Hopewell Avenue 'stealth' bunkhouse getting downsized
Nearby residents and city councillor fought plan for 27-bedroom apartment building
Residents of Old Ottawa South learned Monday night that a developer will scale back plans for a six-unit apartment building after neighbours raised concerns the project had ballooned from 12 to 27 bedrooms without consultation.
Coun. David Chernushenko called the growth of the project during the build "overdevelopment by stealth."
Karen Stevens-Guille, who lives next door to the project at 177 Hopewell Ave., had enlisted neighbours and strangers on her street to write to the mayor, their councillor and the city against the proposal.
"At one point if I'd been told the bedroom count was going to go down this much, I would be opening up something bubbly to celebrate," she said. "But I think it's been such a long slog we're cautious about even feeling relief."
Stevens-Guille said she is grateful to all the letter-writers who helped make the change happen.
The former plan to expand the number of bedrooms was not illegal, according to city officials. The permission granted the developer by the city's committee of adjustment did not specifically limit the number of bedrooms, although at a committee hearing, a representative for the developer repeatedly told committee members that the plan was for six two-bedroom units.
Councillors put pressure on builder
Capital Ward Coun. David Chernushenko said he, Kitchissippi Ward Coun. Jeff Leiper and city staff met with the builder in an attempt to get the number of bedrooms reduced.
"Did we have the legal means after committee of adjustment gave him approval? Possibly not," Chernushenko said. "But there was certainly the ability to put pressure on him."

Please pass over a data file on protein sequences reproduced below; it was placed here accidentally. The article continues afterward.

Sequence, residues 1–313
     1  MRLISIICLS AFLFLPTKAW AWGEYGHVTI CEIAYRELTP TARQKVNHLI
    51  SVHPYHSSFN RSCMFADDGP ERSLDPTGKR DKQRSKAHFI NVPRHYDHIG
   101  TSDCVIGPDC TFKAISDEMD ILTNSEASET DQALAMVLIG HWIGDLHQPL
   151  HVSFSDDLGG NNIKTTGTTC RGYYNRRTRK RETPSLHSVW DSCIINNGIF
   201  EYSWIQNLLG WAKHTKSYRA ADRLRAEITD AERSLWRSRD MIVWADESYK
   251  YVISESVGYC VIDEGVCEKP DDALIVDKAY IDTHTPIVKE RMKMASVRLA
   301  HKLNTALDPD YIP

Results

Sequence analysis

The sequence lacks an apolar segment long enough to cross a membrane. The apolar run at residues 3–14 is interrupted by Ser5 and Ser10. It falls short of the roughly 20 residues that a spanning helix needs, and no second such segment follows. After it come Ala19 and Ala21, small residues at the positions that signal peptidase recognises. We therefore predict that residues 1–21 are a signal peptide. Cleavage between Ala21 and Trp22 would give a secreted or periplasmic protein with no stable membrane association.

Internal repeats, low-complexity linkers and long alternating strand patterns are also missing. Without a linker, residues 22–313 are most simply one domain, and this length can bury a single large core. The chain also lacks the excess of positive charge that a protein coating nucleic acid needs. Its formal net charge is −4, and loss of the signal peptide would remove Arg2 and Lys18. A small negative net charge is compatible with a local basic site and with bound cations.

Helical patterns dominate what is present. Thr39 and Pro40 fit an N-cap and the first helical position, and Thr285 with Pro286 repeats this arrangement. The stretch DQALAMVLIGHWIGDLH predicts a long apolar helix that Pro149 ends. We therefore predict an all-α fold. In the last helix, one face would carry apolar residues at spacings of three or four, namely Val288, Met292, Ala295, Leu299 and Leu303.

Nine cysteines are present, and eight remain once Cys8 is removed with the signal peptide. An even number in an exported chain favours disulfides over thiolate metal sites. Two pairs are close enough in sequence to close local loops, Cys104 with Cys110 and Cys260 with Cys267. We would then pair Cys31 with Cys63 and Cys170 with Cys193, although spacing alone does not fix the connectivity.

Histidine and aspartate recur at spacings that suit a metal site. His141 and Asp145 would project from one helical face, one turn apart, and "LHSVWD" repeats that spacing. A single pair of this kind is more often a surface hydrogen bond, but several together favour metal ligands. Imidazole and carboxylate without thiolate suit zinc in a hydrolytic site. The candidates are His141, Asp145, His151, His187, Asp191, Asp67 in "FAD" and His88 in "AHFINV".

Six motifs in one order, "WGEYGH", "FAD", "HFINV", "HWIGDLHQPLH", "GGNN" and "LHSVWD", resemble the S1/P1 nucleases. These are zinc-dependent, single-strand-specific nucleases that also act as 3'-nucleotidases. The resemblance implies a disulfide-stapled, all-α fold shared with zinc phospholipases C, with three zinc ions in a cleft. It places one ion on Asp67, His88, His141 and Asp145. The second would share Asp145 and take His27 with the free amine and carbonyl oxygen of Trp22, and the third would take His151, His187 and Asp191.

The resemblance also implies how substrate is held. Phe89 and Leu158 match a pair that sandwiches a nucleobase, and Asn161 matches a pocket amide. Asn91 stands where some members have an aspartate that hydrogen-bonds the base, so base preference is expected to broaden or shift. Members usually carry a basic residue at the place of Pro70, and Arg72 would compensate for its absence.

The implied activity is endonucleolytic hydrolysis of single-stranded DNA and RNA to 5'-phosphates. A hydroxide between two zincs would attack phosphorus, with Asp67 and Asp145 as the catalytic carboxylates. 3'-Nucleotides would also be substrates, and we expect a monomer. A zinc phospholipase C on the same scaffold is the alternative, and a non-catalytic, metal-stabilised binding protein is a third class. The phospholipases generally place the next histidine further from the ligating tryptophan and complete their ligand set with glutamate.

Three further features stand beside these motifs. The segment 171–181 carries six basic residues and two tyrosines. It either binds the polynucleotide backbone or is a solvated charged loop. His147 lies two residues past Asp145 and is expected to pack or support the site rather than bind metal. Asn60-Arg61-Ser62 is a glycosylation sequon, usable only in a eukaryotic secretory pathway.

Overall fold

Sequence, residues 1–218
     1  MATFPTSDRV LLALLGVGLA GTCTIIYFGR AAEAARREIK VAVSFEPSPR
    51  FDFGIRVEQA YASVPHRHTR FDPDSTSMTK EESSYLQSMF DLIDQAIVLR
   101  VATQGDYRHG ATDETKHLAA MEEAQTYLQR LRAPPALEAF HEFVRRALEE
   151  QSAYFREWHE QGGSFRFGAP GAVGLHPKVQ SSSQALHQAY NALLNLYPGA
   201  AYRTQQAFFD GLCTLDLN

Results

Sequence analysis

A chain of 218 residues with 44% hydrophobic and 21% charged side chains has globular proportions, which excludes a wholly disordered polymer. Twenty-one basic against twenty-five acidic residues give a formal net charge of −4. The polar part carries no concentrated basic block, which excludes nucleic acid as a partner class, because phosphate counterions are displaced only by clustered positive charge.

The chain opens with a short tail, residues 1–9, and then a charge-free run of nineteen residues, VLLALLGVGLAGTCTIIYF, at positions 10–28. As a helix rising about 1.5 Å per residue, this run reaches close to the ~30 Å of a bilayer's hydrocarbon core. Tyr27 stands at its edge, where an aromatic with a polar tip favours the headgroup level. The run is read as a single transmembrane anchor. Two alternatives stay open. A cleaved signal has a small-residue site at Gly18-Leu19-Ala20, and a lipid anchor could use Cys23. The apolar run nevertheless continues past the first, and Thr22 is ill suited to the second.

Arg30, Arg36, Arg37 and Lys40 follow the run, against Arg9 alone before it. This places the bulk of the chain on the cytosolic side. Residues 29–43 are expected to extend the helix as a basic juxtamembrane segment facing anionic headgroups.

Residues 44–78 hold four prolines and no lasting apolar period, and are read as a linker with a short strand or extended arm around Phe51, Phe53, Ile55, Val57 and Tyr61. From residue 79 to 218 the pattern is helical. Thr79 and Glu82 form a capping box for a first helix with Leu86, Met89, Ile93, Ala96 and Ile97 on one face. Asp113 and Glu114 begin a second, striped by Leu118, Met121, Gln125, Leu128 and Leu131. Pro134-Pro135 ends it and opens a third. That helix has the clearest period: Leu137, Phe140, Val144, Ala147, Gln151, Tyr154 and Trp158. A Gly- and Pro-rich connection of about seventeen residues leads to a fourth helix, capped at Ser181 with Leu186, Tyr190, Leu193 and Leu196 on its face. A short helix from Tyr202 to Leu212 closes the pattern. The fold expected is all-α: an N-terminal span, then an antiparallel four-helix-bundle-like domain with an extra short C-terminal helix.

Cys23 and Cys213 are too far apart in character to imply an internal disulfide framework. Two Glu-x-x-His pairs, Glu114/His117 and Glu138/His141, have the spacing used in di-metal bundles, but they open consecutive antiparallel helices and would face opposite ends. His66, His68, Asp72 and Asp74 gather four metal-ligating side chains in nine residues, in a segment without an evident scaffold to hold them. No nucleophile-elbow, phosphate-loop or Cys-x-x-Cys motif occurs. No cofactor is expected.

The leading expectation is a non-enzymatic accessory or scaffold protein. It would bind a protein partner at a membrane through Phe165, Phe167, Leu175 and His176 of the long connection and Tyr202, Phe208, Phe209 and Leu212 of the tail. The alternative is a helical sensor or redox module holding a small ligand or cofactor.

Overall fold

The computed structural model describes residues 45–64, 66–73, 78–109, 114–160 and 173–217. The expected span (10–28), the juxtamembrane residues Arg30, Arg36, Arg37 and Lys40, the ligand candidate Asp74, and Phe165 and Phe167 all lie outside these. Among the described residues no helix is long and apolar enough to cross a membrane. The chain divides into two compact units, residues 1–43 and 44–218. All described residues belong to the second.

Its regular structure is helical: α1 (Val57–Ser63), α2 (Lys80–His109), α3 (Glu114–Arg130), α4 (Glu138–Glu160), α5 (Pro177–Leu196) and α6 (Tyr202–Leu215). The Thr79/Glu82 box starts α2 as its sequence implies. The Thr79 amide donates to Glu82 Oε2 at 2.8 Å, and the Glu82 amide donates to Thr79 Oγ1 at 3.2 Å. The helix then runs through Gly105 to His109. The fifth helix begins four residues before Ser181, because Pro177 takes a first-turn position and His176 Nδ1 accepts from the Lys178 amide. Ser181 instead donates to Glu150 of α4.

Coun. David Chernushenko said previously the incident had destroyed his trust in developers and consultants, and he continues to be wary.
"I'm more suspicious and cynical than I would like to be," Chernushenko said. "I'm not naive, but on the other hand, I'm not someone who goes through life expecting or assuming the worst from people. So it's disappointing I have to be far more that way now."
Further consultation wasn't required, builder says
Jordan Tannis, president of Concorde Properties, said he had followed the city's rules and blamed the dispute on miscommunication.
"Because of the way the process and the application went through, I wasn't required to seek any further community consultations and I wasn't required to seek any councillor consultations, neighbourhood consultations," Tannis said. "Once I had the approval for the envelope I was more or less allowed to go ahead."
"Any attempts to accuse me of misleading the public, misleading the councillor's office or what not, I think that's not fair because that's not what I did."
By reducing the number of bedrooms from 27 to 16, he is attempting to "right the wrong" and respond to concerns he heard from the community, Tannis said,
"Never will I hide behind the city bylaws and city officials or what not, or even the councillors. They have the hardest jobs around," Tannis said.
"Any time we can help them out and what not and make the process easier for everybody, that's something I'll work towards."
Need to restore confidence
Tannis said he doesn't think the project has damaged the reputation of developers or his company but suggested lessons could be learned from it.
He said he supports changing city policy so residents don't end up feeling "screwed."
Coun. Chernushenko said an interim control by-law to deal with the problem of so-called "bunkhouses" has reduced the risk of a builder adding bedrooms to a development, but the dispute on Hopewell Avenue shows there's still work to be done.
"It does highlight that there are still a number of things in the city's processes that have to be tightened in order to have a better planning process that residents can have some confidence in," he said.